And, when it comes to stopping, the Advance’s front drum brake and rear regenerative brake worked in concert to bring me to a halt surprisingly quickly. First impressions, then, are positive; I’ll have to wait until I have tested it a more thoroughly, however, until I can deliver a final verdict. What I can say, however, with some confidence is that the folding mechanism on the Advance Flex works beautifully: it’s simple, intuitive and takes no time at all to get to grips with.

Elsewhere, the Pure Advance ticks all the boxes a premium e-scooter should. It’s equipped with 10in pneumatic tyres, so it should roll smoothly over most urban surfaces.

There’s plenty of power on tap, too, so hills shouldn’t present too much of a challenge. All three of the scooters are equipped with smooth 500W motors that deliver peak power of 710W. And maximum range is decent. There’s 40km of range in the Advance and Advance Flex, while the Advance Plus has a larger battery that’s able to deliver up to 50km on a single charge.

As with their forebears, the Advance scooters are all IP65-rated for dust and water resistance and have integrated front and brake lights – both on the rear of the chassis and embedded in the rear of each foot pad.

And, in a extra unexpected touch of automotive luxury, there are left and right indicators on both the ends of the handlebars and sequential indicators that run the width of the footplates. This is no white label mass-produced Chinese copycat – this is seriously impressive and well-engineered product.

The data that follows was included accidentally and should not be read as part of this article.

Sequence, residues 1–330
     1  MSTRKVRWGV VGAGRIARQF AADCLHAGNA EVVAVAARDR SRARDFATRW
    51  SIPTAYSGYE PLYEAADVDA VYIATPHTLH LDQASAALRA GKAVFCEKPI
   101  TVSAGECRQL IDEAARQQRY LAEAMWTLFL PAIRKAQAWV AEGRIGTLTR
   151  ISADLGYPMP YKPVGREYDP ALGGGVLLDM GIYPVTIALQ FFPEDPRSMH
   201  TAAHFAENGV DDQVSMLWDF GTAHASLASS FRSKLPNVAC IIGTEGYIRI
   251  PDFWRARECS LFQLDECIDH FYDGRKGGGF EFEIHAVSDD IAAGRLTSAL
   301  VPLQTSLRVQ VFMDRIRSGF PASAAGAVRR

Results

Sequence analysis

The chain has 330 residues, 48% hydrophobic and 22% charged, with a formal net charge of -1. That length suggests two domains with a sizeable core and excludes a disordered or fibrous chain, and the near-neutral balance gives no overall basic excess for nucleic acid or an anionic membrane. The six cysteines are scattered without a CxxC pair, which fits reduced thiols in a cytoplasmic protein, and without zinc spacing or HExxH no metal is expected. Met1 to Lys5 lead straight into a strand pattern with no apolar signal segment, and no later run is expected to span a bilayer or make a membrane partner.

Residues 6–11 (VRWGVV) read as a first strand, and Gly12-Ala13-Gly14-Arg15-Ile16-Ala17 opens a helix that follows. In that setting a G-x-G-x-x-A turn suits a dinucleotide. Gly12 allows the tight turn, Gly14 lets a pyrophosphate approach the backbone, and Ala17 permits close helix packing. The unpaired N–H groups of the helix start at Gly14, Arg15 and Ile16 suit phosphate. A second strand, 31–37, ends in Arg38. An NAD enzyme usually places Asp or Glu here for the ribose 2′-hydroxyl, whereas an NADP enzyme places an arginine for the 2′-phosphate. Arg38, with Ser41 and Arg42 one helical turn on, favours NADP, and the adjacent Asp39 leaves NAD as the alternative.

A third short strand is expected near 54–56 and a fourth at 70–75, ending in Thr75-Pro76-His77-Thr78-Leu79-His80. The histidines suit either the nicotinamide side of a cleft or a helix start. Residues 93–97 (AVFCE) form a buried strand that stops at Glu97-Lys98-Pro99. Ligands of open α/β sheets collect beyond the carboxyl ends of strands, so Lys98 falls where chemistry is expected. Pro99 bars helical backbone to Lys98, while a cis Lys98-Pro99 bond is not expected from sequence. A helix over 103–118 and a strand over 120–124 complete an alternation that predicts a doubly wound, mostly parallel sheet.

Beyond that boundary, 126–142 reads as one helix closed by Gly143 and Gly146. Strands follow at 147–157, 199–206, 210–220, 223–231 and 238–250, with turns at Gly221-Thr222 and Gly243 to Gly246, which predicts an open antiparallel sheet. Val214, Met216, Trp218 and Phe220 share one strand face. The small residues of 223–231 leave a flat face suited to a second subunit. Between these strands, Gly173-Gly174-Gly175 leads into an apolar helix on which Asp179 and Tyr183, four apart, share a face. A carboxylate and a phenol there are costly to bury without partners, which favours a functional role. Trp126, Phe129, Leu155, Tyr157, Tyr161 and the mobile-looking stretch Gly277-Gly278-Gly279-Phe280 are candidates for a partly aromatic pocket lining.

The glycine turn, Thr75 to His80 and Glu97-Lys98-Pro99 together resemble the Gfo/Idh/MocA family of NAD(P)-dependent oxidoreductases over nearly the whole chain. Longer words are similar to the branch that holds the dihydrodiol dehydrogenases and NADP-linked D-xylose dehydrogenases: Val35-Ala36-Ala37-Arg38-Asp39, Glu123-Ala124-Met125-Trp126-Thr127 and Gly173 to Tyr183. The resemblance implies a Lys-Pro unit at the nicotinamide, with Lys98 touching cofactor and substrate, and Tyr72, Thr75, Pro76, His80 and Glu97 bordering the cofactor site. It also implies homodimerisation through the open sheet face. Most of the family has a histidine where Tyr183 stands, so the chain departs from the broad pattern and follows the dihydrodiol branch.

With Bluetooth connectivity providing remote locking capabiity, it’s a fully-rounded, high-end e-scooter that seemingly leaves no stone unturned.

Pure Air Advance hands on: Early Verdict

Pure’s new e-scooters look great and ride beautifully. However, if you like the look of they, you’re going to have pay quite a bit more than for your regular, common or garden e-scooter. The basic Advance model will set you back £799, which is £100 more than the second-generation Pure Air Pro cost when it launched in 2021, the Advance Plus is £899, while the Flex costs £1,099.

If those prices dont put you off and you can’t wait to get your hands on one anyway, you can pre-order directly from the Pure Electric website right now.

E-scooter use in the UK

Despite the fact that they’re now a common sight in UK cities, you should be aware that private electric scooters are currently classified as “personal light electric vehicles” in the UK, which means that you’re only legally allowed to use them on private land with the landowner’s permission. If you’re caught riding one on roads or pavements, you could be fined and receive six points on your driving licence. This situation may be about to change, however, with the UK Government setting out plans to expand the legal use of e-scooters in the Queen’s Speech on 10 May 2022. The only way you can currently ride an e-scooter legally in the UK is to rent one via one of the legal pilot schemes operating in some cities.

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First Look